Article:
To paint, as to produce any work of art, is to engage in an act of creation. In Druvinka’s work, creation itself becomes the subject. Her large-scale abstract paintings speak of inspiration, gestation, and genesis. On these canvases, she evokes the very sources of life, both human and divine.
Born in Sri Lanka and now based in northern India, Druvinka has over the past two decades developed a distinctive body of work devoted to the deepest mysteries of the human experience, and the transcendent realms beyond. Washes of watercolor and tempera sweep across bamboo paper; acrylic paint is built up in layers. Out of these watery depths, geometric and figurative forms seem to emerge and dissolve. There are recurring themes: the dark slit of a yoni, the imposing obelisk of the lingam. There are spherical bodies—be they ova or planets—concentric rings, and shadowy penumbra. In some works, liquid stains spread across dark, cosmic fields. In others, tangled forms writhe in a static explosion, as if the artist has distilled the chaos of birth in paint.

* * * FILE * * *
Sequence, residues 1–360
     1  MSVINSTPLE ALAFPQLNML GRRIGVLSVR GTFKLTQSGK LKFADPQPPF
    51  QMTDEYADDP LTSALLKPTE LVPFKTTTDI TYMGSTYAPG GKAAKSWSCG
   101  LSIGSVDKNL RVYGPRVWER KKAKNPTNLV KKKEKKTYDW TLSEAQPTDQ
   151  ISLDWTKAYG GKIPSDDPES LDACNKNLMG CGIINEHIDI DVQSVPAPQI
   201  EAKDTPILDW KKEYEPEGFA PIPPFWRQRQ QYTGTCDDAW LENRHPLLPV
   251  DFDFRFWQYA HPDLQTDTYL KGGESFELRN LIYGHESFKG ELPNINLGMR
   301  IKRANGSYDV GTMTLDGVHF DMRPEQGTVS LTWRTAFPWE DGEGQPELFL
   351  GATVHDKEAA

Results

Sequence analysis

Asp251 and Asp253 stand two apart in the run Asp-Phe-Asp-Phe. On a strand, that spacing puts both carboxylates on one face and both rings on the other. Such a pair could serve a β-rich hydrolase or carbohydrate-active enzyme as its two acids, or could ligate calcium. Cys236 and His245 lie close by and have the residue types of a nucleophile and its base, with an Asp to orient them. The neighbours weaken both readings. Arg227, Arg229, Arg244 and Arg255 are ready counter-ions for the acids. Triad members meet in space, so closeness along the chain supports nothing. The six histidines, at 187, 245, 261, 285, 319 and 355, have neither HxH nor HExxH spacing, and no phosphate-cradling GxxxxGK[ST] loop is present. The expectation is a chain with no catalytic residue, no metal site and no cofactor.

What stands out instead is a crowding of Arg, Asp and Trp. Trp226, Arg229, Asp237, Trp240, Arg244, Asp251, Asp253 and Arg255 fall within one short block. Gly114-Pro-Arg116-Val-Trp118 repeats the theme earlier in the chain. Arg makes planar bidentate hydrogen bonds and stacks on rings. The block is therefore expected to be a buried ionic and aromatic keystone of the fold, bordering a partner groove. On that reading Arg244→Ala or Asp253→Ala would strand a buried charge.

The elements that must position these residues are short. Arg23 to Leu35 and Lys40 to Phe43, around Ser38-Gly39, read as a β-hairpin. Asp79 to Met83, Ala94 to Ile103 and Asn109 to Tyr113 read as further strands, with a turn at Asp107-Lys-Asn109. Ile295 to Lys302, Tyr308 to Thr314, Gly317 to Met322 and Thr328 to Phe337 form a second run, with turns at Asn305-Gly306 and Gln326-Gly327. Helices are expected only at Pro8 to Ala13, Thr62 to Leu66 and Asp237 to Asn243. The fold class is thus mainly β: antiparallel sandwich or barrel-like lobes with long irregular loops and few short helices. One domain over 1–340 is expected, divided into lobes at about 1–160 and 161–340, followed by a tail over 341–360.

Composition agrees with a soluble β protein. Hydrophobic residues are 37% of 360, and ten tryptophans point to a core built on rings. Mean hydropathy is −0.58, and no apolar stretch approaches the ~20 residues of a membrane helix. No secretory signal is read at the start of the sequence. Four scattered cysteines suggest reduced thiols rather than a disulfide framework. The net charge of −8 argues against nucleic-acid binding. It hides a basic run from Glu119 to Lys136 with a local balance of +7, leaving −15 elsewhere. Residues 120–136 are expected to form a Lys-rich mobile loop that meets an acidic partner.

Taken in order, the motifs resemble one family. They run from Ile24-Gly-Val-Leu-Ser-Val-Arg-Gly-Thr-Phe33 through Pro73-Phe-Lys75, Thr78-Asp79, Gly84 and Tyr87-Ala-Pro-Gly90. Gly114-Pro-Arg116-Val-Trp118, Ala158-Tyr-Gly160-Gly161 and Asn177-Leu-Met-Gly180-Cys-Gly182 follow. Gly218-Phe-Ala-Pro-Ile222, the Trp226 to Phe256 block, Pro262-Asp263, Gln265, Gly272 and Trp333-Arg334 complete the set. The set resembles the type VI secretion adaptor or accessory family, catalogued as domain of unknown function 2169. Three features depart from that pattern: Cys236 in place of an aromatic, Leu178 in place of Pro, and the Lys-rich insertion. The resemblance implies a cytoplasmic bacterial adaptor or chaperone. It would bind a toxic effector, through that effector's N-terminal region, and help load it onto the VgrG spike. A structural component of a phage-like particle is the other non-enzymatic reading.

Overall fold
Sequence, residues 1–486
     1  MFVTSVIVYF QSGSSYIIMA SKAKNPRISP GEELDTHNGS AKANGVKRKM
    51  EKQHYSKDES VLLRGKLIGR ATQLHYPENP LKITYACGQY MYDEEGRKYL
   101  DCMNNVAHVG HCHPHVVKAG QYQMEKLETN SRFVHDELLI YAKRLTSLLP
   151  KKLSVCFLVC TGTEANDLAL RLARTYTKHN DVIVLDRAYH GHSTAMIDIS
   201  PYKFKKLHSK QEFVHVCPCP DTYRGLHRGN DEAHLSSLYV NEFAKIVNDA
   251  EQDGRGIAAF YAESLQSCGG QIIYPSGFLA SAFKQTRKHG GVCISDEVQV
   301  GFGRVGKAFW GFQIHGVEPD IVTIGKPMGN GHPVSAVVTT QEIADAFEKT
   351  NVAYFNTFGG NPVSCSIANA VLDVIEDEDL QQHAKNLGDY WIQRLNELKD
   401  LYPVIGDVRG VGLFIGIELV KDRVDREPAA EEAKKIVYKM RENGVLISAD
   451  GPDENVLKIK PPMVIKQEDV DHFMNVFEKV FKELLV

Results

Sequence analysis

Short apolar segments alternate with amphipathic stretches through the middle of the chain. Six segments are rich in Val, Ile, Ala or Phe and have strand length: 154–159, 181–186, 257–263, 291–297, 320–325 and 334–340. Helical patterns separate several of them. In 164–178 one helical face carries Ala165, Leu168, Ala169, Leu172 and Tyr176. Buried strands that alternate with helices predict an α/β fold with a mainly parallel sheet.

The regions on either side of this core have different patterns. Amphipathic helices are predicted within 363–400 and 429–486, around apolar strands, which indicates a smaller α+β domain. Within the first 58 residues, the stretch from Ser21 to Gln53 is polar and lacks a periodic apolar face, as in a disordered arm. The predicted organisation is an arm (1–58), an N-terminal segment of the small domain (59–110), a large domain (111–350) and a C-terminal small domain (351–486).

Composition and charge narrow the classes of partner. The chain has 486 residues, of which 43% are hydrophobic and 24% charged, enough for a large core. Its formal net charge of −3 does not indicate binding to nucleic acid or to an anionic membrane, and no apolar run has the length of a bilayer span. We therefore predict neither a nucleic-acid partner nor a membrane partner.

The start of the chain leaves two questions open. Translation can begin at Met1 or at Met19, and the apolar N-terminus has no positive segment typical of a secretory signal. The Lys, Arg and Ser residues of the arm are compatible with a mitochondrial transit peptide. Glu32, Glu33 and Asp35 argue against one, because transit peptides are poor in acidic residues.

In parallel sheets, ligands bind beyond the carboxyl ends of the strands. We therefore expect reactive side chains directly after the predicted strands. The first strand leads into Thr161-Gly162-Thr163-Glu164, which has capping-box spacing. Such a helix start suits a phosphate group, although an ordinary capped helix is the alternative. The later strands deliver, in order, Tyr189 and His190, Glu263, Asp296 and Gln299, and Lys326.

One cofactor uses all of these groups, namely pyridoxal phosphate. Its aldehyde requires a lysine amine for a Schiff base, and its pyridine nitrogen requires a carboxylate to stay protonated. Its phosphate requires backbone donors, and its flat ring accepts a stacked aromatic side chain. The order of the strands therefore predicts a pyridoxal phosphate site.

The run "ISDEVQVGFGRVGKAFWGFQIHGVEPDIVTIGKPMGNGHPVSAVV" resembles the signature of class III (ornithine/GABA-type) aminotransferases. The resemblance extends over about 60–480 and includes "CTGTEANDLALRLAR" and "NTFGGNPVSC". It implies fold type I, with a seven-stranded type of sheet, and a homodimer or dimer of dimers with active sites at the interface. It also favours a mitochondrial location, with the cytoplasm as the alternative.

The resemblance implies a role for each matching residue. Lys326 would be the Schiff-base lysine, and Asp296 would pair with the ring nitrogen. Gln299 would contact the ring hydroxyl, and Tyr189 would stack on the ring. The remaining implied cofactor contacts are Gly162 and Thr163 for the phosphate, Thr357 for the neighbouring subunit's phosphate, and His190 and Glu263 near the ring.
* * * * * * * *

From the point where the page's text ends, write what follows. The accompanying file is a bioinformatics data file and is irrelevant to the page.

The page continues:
A retrospective look at Druvinka’s oeuvre reveals a clear evolution. Ten years ago, her canvases exhibited tight control: flat planes and square edged boxes constrained a swirling universe, like narrow windows onto outer space. In works from this period (DM 005.JPG), there’s a sense of foreboding, as if these alien forms could swing out of orbit unless they were kept hemmed in, locked beneath layers of acrylic paint. Druvinka’s perspective in these works is remote, as if she wants to maintain a safe distance from her subject.
Over the next two years, her style relaxes and softens. Her forms become looser and freer, and the perspective draws closer to reveal overlapping, translucent forms where once there were stark, opaque boundaries. The image of the yoni or vulva appears again and again, central and distinct (DSC00652). Her palette darkens, almost as if the viewer is being drawn into an underground cavern where shadowy forms overlap and merge. The paintings of this period are pregnant with longing.